Posted by Amanda Krats - January 06, 2016
Burns Night is a much-anticipated part of the Scottish calendar and a true institution of Scottish life. This night can vary from small, informal gatherings of friends and family to full dinners with speakers, pipers, ceilidhs and more. Of course, it is also well-known as being a time to dust off your tartan trews (trousers) (or ties or cufflinks, bowties or even shoes), dig out the family Quaich or clan glasses and pick up some very Scottish tableware! After all you can't have a Burns Night without a touch of tartan!
So.......what exactly does a Burns Night entail? We've got you covered...
Piping in the guests
If you're hosting a full-scale big Burns Night, you'll probably like a piper to welcome the guests! (Not possible? Traditional music will also do.) No head table? Whoever is chairing the evening can simply rap the table to draw attention and begin the evening.
The Chair (host/organiser) traditionally offers those assembled a warm welcome and provides introductions for the guests and entertainment.
The Selkirk Grace
A very important part not to be missed! This short but well-known prayer is usually read to usher in the meal. Also known as Burn's Grace at Kirkcudbright, The Selkirk Grace, is recited in Scots:
Some hae meat and canna eat,
And some wad eat that want it,
But we hae meat and we can eat,
And sae the Lord be thankit.
Piping in the haggis
Following tradition, guests should stand to welcome the arrival of the haggis and eagerly awaits the address to the Haggis which follows next which is delivered on a silver platter, and the rest of the procession which includes the chef, the piper and the individual who will later address the Haggis. (See here for details on what this entails.)
Address to the Haggis
Often an energetic charismatic individual, a reader is now the centre of attention and seizes the moment with a fluent, entertaining and lively rendition of To a Haggis, re-enacting the verse as he proceeds. All part of the fun of course! Upon reaching the end, the reader traditionally raises the haggis (triumphantly - how else?) and is greeted by applause and cheering. A perfect opportunity to wear those tartan trews if there ever was one!
The address is then followed by a toast to the Haggis and the serving of the meal. If your Burns Night is too large to bring the dishes to the haggis, the piper traditionally leads the procession back out to the kitchen for serving.
The meal is accompanied by a healthy serving of a drink of the host's choosing - wine or ale are customary - plus a good helping of whisky sauce for the haggis. Good thing you'll have a healthy helping of Scottish themed napkins to hand to tidy up before the entertainment starts!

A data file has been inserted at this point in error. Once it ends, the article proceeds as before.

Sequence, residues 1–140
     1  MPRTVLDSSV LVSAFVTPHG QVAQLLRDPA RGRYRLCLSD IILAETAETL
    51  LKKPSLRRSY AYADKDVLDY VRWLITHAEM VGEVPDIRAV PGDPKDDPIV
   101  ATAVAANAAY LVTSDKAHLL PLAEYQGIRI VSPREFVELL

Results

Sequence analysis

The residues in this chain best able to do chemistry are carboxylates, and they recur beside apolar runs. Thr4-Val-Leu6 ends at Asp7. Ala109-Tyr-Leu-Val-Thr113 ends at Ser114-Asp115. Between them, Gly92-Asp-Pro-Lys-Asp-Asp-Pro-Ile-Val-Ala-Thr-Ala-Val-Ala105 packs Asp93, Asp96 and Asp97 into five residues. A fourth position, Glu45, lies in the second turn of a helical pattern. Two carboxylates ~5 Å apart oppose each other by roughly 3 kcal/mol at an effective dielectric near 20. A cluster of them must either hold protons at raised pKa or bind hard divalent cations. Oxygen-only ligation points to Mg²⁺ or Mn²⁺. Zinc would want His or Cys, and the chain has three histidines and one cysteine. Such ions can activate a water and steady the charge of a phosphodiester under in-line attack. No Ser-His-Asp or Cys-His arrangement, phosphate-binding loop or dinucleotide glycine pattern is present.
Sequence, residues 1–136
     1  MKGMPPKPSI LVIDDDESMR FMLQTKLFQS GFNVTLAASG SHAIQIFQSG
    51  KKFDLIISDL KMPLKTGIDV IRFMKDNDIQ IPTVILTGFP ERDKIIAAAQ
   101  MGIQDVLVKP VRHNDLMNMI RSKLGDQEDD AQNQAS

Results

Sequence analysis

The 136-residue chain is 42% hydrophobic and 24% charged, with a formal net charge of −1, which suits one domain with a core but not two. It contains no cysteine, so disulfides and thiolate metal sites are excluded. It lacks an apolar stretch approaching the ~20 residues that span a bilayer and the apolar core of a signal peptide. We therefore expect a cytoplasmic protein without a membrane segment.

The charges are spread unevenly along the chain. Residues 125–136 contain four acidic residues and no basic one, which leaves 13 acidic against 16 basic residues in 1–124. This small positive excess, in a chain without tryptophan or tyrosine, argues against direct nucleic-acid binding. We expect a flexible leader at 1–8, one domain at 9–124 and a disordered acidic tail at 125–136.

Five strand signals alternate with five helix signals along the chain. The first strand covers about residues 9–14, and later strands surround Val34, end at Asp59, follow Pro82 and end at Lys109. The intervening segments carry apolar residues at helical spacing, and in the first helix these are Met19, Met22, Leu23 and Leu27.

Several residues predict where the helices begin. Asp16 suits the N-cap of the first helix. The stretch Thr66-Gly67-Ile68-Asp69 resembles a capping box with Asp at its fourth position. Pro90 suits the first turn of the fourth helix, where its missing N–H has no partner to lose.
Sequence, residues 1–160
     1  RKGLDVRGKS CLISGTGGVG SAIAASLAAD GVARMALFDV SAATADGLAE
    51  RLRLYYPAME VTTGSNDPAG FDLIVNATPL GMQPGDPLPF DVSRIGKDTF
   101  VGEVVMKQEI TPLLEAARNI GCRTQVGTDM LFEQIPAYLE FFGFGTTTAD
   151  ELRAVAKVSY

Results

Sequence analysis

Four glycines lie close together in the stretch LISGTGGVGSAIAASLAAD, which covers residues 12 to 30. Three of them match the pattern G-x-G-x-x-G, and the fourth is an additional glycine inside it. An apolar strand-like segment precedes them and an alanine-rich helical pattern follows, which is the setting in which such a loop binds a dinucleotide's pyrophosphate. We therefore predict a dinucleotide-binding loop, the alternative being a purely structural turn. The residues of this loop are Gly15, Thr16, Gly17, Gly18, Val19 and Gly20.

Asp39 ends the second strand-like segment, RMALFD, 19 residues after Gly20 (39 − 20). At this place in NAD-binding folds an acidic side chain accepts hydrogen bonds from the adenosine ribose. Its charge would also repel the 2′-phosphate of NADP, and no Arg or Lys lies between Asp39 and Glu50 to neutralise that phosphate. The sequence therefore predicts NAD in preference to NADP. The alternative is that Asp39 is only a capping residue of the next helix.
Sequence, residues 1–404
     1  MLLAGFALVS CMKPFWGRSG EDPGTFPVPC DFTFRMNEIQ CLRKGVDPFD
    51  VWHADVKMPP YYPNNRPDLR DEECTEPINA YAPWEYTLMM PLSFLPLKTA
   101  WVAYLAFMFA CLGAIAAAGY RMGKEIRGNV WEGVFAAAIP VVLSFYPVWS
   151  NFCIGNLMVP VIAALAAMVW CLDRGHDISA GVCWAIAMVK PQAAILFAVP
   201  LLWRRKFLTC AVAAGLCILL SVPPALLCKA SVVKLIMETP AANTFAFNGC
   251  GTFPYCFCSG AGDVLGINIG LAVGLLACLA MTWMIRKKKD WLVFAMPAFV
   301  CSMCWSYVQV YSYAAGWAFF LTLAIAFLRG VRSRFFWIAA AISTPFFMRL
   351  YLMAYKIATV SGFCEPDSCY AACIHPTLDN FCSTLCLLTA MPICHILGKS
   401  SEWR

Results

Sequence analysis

Entertainment - round one
The first entertainment of the evening follows immediately on from the meal (once the dishes are cleared to avoid incidents!) often performing Burns songs or reciting one of his poems.
The immortal memory
The speaker returns, once again, to the stage to deliver another spellbinding performance - this time on the life and legacy of the bard himself, Robert Burns. Topics covered include literary talent, politics, his humanity and, of course, his nationalism. It's important to note that this speech is often carefully bridging the chasm between serious intent and sparkling wit, to leave the listeners with a colourful picture of Scotland's beloved Bard.
Entertainment - round two
Time for more of Burns' work!
Toast to the Lassies
Often this part of the evening is a favourite of many Burns Night attendees due to the occasion allowing for some good-natured banter! This humorous highlight is designed to praise the women of the world today using quotes from the Bard ending on a positive note. For those skilful at toasts, making particular reference to those present makes the toast all the more meaningful and entertaining! An excellent excuse to dig out the family quaichs and wine glasses for a lively toast!
Entertainment - round three
Burns is back - the final appearance of a reading of some of his works.
Reply to the Toast to the Lassies (The Lassies' Reply)
Time for revenge! It is now the turn of the women present to 'exact revenge' with a witty retort to the toast to the lassies.
As the evening draws towards its close, it is time for the chair to thank everyone for a thoroughly entertaining and enjoyable evening. If your Burns Night is being followed by a ceilidh or other activity, an invitation to remain to enjoy the festivities can be presented. Of course, no Burns Night is complete without a heartfelt rendition of Auld Lang Syne with all those present joining hands and joining in! (Make sure to brush up on those tricky later lines!)
Burns Night in Gretna Green - Old Toll Bar
Fancy taking part in a Burns Night? Why not check out a local evening at the Old Toll Bar - our very own Toni has arranged a piper and speaker and will be serving a traditional Burns Night menu Saturday 23rd January 2016. Hurry, these evenings are highly popular and tickets won't be available long! Call 01461 337461 to book.